Around this time last year I was pretty sure I had developed skin cancer while sitting under the baking sun for hours during my college's Commencement ceremony. I even brought a printout of a WebMD page to my doctor a week later, having self-diagnosed a highly suspicious splotch on the bottom of my foot. To my chagrin, however, my doctor laughed at the printouts and told me to call her if the splotch had become any larger (It hasn't so far.).
What a harrowing tale it would have been, to tell people my whole life changed in more ways than anyone could have predicted during my college graduation. Instead, I now have to spew the usual recent graduate angst about whether or not I should go to graduate school. Except now that another class graduated from my alma mater this past weekend, I am not so sure I am a recent graduate anymore. The Google search results for the parameters of being a recent graduate are largely inconclusive.
Because I am a millennial (I think), and we are supposedly self-absorbed, I decided to attempt to figure out what the endpoint of being a recent graduate would be instead of dedicating my efforts towards something fruitful, like the finding a cure for the aforementioned skin cancer. Very scientific methodology was used -- I polled approximately five former classmates. Some excuses for the small sample size: one harsh reality of post-grad life is that it is difficult to meet up with friends when they live much further than a campus-distance away from you. It is also possible that the more one succumbs to recent graduate angst, the more one's social circles dwindle due to general odiousness.
As expected, the answers I received from my informal poll were on a wide spectrum. Friends optimistic for better alternatives in the coming months said that there were at least one to two more years of recent graduate life ahead of us. Those fed up with their current state of life and ready for this phase to run its course said our days as recent graduates ended as long as six months ago. And one friend said that we are recent graduates until the next major milestone in our lives, whether it be gainful employment, marriage, or graduate school.
I liked the major milestone hypothesis because I like to keep things arbitrary. However, just to confirm with a more official source, I also checked the policies of my college's alumni association with regards to what they consider "young alumni," as they have special events for that demographic. According to one outdated website, a young alumnus is someone who has graduated within the past ten years, which would place all the attendees of these young alumni events between the ages of twenty-two and thirty-two. Given that female fertility peaks at 27, the midpoint of that age range, I smell an elaborate matchmaking scheme.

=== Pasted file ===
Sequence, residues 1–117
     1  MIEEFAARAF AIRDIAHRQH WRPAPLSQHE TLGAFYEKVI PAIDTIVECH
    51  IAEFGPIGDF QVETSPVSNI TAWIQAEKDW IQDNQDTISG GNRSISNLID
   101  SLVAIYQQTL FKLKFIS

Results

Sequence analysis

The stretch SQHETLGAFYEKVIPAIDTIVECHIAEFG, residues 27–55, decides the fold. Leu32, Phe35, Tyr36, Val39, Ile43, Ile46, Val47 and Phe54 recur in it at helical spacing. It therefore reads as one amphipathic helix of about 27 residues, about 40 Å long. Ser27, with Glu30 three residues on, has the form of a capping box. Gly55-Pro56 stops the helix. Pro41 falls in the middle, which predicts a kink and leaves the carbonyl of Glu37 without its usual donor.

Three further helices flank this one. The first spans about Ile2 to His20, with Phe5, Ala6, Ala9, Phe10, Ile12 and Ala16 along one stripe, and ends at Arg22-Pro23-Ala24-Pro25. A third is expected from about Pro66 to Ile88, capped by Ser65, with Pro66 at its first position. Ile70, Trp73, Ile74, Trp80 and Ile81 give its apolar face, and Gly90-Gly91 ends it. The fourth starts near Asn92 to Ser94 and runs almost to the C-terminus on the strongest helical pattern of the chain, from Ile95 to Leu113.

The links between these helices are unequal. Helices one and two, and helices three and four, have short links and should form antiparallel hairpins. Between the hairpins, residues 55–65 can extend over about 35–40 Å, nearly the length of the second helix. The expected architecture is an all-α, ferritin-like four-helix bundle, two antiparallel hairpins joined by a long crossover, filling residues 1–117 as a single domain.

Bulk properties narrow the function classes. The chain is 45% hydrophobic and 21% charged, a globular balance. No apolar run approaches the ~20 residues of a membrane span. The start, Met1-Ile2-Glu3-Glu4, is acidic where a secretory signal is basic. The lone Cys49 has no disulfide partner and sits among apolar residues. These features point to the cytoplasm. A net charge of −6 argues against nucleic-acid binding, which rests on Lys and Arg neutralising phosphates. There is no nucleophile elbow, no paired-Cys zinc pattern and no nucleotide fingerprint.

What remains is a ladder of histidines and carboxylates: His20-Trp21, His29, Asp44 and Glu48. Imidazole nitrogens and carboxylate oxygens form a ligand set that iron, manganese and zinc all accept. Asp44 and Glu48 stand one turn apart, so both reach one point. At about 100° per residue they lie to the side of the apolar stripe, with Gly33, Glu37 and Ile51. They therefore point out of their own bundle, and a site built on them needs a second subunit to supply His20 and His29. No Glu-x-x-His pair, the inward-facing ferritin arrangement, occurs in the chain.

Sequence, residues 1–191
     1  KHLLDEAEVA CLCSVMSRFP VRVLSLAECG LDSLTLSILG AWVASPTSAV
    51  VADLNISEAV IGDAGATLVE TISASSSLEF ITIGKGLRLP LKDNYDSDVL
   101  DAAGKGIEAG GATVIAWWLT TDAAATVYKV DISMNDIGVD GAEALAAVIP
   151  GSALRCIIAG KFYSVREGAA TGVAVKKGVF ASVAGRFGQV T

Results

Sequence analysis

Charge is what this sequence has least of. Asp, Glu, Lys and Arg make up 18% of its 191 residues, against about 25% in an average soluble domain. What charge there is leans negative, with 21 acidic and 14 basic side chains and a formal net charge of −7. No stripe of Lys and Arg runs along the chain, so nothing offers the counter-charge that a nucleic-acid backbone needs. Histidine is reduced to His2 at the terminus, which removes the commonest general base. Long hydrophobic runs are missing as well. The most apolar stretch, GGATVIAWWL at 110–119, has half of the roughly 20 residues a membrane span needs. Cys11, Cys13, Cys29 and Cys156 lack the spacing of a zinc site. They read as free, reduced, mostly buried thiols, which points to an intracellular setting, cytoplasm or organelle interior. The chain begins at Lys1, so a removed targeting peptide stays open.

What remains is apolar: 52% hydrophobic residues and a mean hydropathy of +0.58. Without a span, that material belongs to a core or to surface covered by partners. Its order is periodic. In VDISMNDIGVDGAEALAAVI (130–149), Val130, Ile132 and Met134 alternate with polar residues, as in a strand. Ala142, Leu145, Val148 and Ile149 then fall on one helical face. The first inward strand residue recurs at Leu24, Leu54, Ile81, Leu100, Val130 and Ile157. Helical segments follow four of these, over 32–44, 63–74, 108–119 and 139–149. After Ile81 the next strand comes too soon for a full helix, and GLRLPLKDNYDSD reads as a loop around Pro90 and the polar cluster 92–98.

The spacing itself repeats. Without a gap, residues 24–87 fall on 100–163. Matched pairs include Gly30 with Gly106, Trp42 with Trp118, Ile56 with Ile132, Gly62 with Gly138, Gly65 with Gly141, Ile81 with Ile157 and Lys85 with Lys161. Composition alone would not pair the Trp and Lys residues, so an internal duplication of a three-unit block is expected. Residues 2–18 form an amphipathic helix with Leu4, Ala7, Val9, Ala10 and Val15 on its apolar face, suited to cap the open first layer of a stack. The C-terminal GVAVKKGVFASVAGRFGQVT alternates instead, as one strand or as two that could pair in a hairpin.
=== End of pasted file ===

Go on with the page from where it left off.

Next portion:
I hope when I am 32 I am not likened to or grouped with my current 22-year-old self. I may still be considered a young alumna at 32, but I will probably also be able to remember to buy toilet paper regularly by then. I will have stopped obtaining furniture from the sidewalk, and I will have a nice working relationship with my landlord, sans feuds. I do the opposite of these things as a recent graduate, but it is possible that young alumna and recent graduate are not synonymous. The latter might be indefinable, pertaining to an individual's rate of maturity instead of an accepted endpoint.
Knowing that I have a great deal of maturity left to gain, I am patiently waiting for that next major milestone that will catapult me out of recent graduate status. I secretly want to live a more pulled together life, but it's easy to lapse into the bad habits I have formed this year. Maybe I should start with something small, like not wearing wrinkled clothing to work. I will then still be a total mess on the inside, but maybe people will think I look older than someone who has been out of college for one year. I did recently find a white hair on my head, so that should help in keeping up appearances.